The Sea’s Deep Thinkers: Life in the Deep
Now know the ocean’s cities, suburbs, and rural zones. But everywhere has a place where the deep thinkers with strange ideas gather. Paris’s Latin Quarter, New York’s East Village, San Francisco’s Haight-Ashbury, or the strange communes that pop up in remote areas. A combination of weird ideas, experimental technology, idealists dreaming up ways to reinvent society, and other weirdos thrive here. And yes, the ocean’s got the same counterculture thing. You’ll have to be a deep thinker, because it happens in the depths. Here’s what life is like in the ocean’s bohemian zone.
Food in the depths comes mostly from the oceanic equivalent of dumpster diving. Like the odd combination of “re-use everything” advocates, free spirits, and desperate hunger that leads to dumpster diving, deep-sea fish rely on the leftovers from above. It’s called “detrital rain”: the slow trickle of organic material from the surface that makes up the base of the deep-ocean food chain. Plankton, decaying matter from river mouths, detached seaweed, and dead marine life from the surface sinks to the floor. Dumpster divers below wait for it, and fight over it.
Pressure, Pushing Down on Me
The dominant factor in the deep sea is pressure: the massive weight of a mile or more of seawater above you. Creatures from above can’t stand the pressure, and those adapted to the depths can’t survive above. Much of how they handle the pressure is poorly understood.
One of the pressure adaptation is to be stinky as an unwashed hippie. Many deep sea creatures’ cells contain a molecule called trimethylamine oxide, which somehow prevents large molecules from being distorted by pressure. It’s also responsible for the fishy smell we’re familiar with, but it’s present in massive amounts in deep-sea fish.
Don’t Go to The Gym
Deep-sea bohemians don’t work out. Being muscular and strong is an advantage when you’re a surface feeder cruising around and chasing prey as many shallow-water fish do. But under pressure, the amount of metabolic energy it takes to build and maintain strong muscles is much higher. The protein content of muscle in deep sea fish like viperfish is often only 1/5 that of tuna, giving their muscles a flaccid squishy texture that’s less powerful but easy to maintain. The tradeoff is that it inhibits athletic ability. They’re also far less tasty to us humans.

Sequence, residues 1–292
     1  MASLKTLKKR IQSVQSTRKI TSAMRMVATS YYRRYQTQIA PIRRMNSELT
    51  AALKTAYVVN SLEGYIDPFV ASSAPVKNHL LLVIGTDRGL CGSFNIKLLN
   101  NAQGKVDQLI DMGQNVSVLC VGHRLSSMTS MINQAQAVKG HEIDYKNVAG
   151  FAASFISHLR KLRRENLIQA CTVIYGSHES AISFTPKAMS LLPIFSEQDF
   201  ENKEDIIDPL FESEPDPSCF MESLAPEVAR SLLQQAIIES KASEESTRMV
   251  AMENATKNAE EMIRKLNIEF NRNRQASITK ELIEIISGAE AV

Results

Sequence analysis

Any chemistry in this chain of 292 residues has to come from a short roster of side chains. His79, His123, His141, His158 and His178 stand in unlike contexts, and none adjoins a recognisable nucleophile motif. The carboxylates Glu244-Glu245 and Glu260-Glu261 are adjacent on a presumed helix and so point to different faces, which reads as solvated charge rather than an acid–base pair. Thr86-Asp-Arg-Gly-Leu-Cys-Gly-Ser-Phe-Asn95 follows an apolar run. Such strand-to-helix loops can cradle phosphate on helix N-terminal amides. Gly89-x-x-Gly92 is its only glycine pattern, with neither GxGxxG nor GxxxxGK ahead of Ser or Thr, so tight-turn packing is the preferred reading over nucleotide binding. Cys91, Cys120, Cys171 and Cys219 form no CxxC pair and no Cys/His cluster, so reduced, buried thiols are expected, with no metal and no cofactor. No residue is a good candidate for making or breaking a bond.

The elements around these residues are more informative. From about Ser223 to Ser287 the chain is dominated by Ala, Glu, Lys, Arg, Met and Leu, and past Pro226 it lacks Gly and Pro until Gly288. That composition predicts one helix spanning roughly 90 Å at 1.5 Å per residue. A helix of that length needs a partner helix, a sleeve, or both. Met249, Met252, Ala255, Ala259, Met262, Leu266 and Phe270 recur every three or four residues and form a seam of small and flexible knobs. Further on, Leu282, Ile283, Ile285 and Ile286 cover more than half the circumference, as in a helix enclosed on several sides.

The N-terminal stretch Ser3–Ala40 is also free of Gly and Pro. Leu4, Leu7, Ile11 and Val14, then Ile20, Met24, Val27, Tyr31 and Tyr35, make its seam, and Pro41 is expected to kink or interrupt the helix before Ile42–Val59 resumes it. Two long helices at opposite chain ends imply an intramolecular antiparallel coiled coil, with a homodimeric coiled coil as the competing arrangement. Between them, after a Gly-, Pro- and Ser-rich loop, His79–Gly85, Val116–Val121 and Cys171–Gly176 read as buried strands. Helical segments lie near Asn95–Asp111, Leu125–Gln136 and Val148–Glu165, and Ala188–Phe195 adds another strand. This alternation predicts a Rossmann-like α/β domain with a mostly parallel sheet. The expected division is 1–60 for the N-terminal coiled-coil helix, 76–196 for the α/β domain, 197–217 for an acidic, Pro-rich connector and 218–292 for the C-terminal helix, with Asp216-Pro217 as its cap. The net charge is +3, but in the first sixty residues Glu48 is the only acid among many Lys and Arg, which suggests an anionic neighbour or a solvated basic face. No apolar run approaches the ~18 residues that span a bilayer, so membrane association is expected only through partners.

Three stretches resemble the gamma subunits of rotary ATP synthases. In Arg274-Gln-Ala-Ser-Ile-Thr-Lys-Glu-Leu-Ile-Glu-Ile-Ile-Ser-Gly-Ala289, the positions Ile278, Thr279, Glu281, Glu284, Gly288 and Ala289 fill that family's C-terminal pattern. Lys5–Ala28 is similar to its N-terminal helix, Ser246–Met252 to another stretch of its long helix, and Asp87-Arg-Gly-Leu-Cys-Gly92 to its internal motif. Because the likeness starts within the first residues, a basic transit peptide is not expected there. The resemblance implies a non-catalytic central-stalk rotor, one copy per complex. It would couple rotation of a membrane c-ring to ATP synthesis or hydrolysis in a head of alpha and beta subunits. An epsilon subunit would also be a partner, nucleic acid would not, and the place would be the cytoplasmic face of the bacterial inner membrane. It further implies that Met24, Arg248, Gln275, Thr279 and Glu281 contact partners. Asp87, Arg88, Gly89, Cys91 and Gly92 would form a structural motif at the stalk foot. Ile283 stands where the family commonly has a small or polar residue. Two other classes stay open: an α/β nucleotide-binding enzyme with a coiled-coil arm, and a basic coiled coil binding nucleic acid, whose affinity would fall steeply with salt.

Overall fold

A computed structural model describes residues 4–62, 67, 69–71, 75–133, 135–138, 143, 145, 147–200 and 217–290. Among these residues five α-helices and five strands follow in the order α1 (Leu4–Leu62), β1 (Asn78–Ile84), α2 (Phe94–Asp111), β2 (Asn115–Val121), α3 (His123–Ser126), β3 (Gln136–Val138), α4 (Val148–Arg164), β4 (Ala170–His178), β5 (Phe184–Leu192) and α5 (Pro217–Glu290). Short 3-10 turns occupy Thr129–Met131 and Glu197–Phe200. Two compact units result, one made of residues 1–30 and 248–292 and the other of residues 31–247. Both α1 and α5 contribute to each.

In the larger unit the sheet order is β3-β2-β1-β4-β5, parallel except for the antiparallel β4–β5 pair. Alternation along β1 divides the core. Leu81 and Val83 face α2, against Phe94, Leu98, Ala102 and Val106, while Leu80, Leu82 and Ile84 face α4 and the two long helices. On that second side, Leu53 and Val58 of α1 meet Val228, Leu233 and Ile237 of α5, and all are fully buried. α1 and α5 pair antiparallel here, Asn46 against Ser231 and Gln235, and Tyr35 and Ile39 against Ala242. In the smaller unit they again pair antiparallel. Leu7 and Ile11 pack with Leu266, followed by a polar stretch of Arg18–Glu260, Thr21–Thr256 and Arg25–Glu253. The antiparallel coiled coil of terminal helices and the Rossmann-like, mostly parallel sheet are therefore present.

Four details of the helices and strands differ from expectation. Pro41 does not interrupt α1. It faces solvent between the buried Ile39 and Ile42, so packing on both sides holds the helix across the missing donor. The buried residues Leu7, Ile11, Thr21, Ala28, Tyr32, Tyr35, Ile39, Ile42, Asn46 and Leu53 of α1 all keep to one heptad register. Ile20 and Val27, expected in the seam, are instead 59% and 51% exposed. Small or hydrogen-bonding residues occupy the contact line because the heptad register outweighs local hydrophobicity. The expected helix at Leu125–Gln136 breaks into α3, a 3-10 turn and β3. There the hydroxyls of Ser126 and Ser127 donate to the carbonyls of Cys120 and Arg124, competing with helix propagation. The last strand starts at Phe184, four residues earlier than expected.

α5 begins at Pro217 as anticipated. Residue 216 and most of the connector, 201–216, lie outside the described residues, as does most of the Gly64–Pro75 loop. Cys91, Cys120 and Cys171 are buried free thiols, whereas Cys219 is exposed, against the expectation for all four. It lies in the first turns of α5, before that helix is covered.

Don’t Look for A Job, Wait for Inspiration
In a dark environment with detrital rain and soft muscles, going out to look for food makes little sense. Most creatures wait for food to come to them. Some eat detritus that drifts down from above or scavenge through the soft seafloor. The rest are ambush predators: drifting inertly or burying themselves in the until an unsuspecting meal to happens by. This saves the futility of searching in the dark, or the metabolic costs of maintaining muscle all that for hunting.
Grab It When You Can
And since most food is sporadic, deep sea creatures are ready to grab a meal when they can. Gulper eels or longnose lancetfish have enormous mouths. Anglerfish and viperfish also have rows of inward-facing teeth so that captured prey can’t escape.
Find Your Own Way
Our undersea bohemians have three different ways of dealing with the darkness. One is to simply give up your eyes and find food and mates by smell, like a hagfish. The other is to develop massive eyes, like the giant squid or lancetfish, that work in the near-total darkness. A third strategy is to make your own light: many deep sea creatures like anglerfish, lanternfish and firefly squid, contain photophores that emit light. Many can control it, illuminating themselves when a mate might be near but going dark when they suspect a predator. The anglerfish is famous for its light lure on the “fishing rod” attached to its head, which lures prey in to be snatched up by waiting jaws.
Join a Commune
But the real bohemians don’t just hang out in Haight-Asbury or the East Village: they go off to ashrams or communes. Those exist in the depths too, around deep-sea vents. Whole ecosystems flourish near these vents, where they feed off the heat and gases—that emanate from thin spots in the seafloor. Many, like the giant 6-foot tall tubeworms, are chemoautotrophs. They use a large sac of bacteria in place of a digestive system to convert toxic hydrogen sulfide (the rotten-egg gas that emits from many vents) into sugars. A host of strange and often giant, worms, snails, shrimp, and mussels hang out near these vents and mid-ocean ridges, away from the rest of society, living by their own rules.
It’s Not Just a Phase
We often expect folks who explore alternative lifestyles to eventually get a job and settle down like the rest of us. Not so in the deep sea. Life down here is dark, pressure-filled, cold, and weird. But it’s something else: stable. It’s always night and its always winter, and it has been for millions of years. There are no changes in weather, currents, or seasons. So life has been getting weirder and weirder by the generation for eons, evolving continuously to fit this weird world better. Weirdness is a way of life down here. The rest of the ocean wouldn’t understand.